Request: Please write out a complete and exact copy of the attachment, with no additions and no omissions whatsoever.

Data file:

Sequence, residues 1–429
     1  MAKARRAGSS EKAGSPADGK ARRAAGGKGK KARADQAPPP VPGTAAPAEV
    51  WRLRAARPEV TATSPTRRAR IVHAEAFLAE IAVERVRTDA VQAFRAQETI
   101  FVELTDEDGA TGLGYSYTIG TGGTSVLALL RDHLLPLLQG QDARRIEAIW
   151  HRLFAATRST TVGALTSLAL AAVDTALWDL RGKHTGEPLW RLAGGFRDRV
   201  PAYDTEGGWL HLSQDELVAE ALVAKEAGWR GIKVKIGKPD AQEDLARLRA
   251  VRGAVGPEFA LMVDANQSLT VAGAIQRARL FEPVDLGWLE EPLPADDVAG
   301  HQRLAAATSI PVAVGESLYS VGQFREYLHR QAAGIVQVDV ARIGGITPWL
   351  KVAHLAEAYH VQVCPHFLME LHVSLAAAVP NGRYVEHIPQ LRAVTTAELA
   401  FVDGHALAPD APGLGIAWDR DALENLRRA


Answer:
Sequence, residues 1–429
     1  MAKARRAGSS EKAGSPADGK ARRAAGGKGK KARADQAPPP VPGTAAPAEV
    51  WRLRAARPEV TATSPTRRAR IVHAEAFLAE IAVERVRTDA VQAFRAQETI
   101  FVELTDEDGA TGLGYSYTIG TGGTSVLALL RDHLLPLLQG QDARRIEAIW
   151  HRLFAATRST TVGALTSLAL AAVDTALWDL RGKHTGEPLW RLAGGFRDRV
   201  PAYDTEGGWL HLSQDELVAE ALVAKEAGWR GIKVKIGKPD AQEDLARLRA
   251  VRGAVGPEFA LMVDANQSLT VAGAIQRARL FEPVDLGWLE EPLPADDVAG
   301  HQRLAAATSI PVAVGESLYS VGQFREYLHR QAAGIVQVDV ARIGGITPWL
   351  KVAHLAEAYH VQVCPHFLME LHVSLAAAVP NGRYVEHIPQ LRAVTTAELA
   401  FVDGHALAPD APGLGIAWDR DALENLRRA